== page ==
In the represented embodiment, base portion 28, viewed from the action side, has a first face 26 and a second face 18, which are displaced relative to one another and slope conically, being constructed as cutting edges 27, 19 at the ends. Face 26 emanating from the first cutting edge 27 is preferably somewhat less conically inclined than the face 18 emanating from the second cutting edge 19. The described reciprocal arrangement of the two cutting edges 27, 19 ensures a pressure-dependent, progressive engagement of the cutting edges in the pipe surface, the second cutting edge 19 preventing an excessively deep cut of the first cutting edge 27. The individual portions of retaining elements 30, 30', but particularly the cutting edges are preferably made from hardened tool steel.

When the pipe end is not inserted, as is shown e.g. on the right-hand side in FIG. 1 and in FIG. 4, the retaining element comprising the individual portions is pressed against the sloping shoulder of the socket member by the restoring force of the elastic retaining ring. On inserting the pipe end, the individual portions embrace the latter, small diameter differences of the pipe end being compensated in an optimum manner by the individual portions arranged in a tiltable manner in the chamber.

FIG. 4 shows an embodiment of a plug-in socket coupling 50 and it is possible to see a socket member 51 constructed as a flange means with an internal projection 49 for an insertable pipe end 47. Socket member 51 also embraces a packing 43 arranged in an annular groove 48, as well as a retaining element 46, retained by a retaining ring 15 and arranged in a chamber 44. The construction and arrangement of the retaining element 46 assembled from individual portions corresponds to the retaining elements shown on a larger scale in FIGS. 2 and 3. The plug-in socket coupling 50 is attached by screws 41 to a unit 55, such as e.g. to a pump, or a valve or motor block and is preferably sealed by an O-ring 42.

This embodiment, like those described relative to the preceding drawings, is to be provided with the release mechanism shown in FIG. 4 and the following drawings. This release mechanism comprises an anchor ring 62 arranged on the socket opening, with a release frame 63 inserted in the sliding slot 65 of said ring 62. This release frame actuates an axially displaceable release ring 61 which is in turn in operative connection with retaining elements 31 to 36. As a result of its axial displacement against the interior of the socket, release ring 61 causes pivoting of the retaining elements into the release position. The necessary pressure for this is applied to release ring 61, via the lever system of release frame 63. This release mechanism should and must comply with certain safety requirements, whilst particularly ensuring against incorrect fitting of the socket with respect to the release frame. In addition, for safety reasons and for easier handling purposes, the release frame should be independent of the rotary position of the socket. If e.g. a plug-in socket is fitted close to a wall or in the vicinity of the edge of two planes, then as a function of the socket position, the release frame can project towards the wall from the space. In this case, it must be possible to bring the release frame into a correct working position, which is the case with the socket according to the invention.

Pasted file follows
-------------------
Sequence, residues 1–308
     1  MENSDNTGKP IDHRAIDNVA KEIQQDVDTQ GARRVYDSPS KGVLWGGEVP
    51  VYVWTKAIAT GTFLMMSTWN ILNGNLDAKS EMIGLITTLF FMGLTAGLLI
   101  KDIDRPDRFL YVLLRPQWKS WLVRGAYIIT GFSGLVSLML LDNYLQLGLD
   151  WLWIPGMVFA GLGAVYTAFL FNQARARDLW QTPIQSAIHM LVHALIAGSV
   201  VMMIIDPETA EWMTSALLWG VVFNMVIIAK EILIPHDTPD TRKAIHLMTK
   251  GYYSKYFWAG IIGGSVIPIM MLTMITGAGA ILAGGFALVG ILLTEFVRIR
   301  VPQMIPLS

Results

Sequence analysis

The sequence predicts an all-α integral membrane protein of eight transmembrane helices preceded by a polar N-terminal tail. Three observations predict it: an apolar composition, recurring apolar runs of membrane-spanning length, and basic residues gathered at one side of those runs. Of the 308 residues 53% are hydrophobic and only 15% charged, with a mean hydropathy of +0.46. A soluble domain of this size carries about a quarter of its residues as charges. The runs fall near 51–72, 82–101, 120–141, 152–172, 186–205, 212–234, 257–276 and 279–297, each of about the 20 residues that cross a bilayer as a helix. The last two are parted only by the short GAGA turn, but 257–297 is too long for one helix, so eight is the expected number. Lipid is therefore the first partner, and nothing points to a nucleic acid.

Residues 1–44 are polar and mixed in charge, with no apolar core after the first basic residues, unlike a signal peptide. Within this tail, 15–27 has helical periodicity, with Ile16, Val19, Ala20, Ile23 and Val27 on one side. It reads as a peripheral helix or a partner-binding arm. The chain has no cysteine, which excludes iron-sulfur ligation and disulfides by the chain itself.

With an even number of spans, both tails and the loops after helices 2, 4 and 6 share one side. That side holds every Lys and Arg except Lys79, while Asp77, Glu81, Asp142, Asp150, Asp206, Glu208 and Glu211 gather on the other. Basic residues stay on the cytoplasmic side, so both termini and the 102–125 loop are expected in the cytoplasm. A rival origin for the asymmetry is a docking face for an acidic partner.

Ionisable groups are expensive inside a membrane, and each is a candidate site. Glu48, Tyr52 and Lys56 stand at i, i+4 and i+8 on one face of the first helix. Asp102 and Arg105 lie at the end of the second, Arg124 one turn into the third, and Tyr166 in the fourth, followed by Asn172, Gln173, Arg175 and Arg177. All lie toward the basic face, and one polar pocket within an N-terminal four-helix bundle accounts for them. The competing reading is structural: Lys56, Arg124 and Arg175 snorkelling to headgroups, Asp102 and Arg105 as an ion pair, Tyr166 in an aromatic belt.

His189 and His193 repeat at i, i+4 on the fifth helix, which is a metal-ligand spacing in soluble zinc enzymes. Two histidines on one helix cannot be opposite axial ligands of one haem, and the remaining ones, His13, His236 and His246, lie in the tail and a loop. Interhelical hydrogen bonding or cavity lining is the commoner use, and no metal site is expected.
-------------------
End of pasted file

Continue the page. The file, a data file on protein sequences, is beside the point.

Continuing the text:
In a three-dimensional representation, FIG. 5 shows the release ring 61 inserted in the partly cut-away anchor ring 62. In the latter, it is possible to see the sliding slot 65 for the release frame 63. In said sliding slot, the release frame can slide round the pipe inserted in the plug-socket and can be brought into the aforementioned correct working position. The operation of the release mechanism will now be described with the aid of FIGS. 6 to 8.